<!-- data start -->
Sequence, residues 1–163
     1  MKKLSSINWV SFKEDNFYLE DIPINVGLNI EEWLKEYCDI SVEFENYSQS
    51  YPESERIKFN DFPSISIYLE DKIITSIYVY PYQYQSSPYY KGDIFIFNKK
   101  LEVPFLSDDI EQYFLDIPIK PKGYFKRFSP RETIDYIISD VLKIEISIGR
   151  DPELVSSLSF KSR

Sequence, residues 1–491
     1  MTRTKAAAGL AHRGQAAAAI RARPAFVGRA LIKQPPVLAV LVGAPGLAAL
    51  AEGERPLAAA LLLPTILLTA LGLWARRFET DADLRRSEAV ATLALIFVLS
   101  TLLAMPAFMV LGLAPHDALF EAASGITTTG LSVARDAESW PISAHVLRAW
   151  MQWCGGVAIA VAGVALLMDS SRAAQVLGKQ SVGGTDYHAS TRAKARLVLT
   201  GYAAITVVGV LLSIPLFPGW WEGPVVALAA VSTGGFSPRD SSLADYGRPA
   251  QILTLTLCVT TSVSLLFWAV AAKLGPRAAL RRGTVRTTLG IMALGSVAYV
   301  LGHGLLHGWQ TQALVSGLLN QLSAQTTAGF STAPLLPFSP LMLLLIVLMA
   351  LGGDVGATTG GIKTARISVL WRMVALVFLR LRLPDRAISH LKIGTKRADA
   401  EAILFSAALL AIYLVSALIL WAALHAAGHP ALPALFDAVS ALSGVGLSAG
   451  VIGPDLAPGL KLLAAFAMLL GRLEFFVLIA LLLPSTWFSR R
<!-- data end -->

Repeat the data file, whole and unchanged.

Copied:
Sequence, residues 1–163
     1  MKKLSSINWV SFKEDNFYLE DIPINVGLNI EEWLKEYCDI SVEFENYSQS
    51  YPESERIKFN DFPSISIYLE DKIITSIYVY PYQYQSSPYY KGDIFIFNKK
   101  LEVPFLSDDI EQYFLDIPIK PKGYFKRFSP RETIDYIISD VLKIEISIGR
   151  DPELVSSLSF KSR

Sequence, residues 1–491
     1  MTRTKAAAGL AHRGQAAAAI RARPAFVGRA LIKQPPVLAV LVGAPGLAAL
    51  AEGERPLAAA LLLPTILLTA LGLWARRFET DADLRRSEAV ATLALIFVLS
   101  TLLAMPAFMV LGLAPHDALF EAASGITTTG LSVARDAESW PISAHVLRAW
   151  MQWCGGVAIA VAGVALLMDS SRAAQVLGKQ SVGGTDYHAS TRAKARLVLT
   201  GYAAITVVGV LLSIPLFPGW WEGPVVALAA VSTGGFSPRD SSLADYGRPA
   251  QILTLTLCVT TSVSLLFWAV AAKLGPRAAL RRGTVRTTLG IMALGSVAYV
   301  LGHGLLHGWQ TQALVSGLLN QLSAQTTAGF STAPLLPFSP LMLLLIVLMA
   351  LGGDVGATTG GIKTARISVL WRMVALVFLR LRLPDRAISH LKIGTKRADA
   401  EAILFSAALL AIYLVSALIL WAALHAAGHP ALPALFDAVS ALSGVGLSAG
   451  VIGPDLAPGL KLLAAFAMLL GRLEFFVLIA LLLPSTWFSR R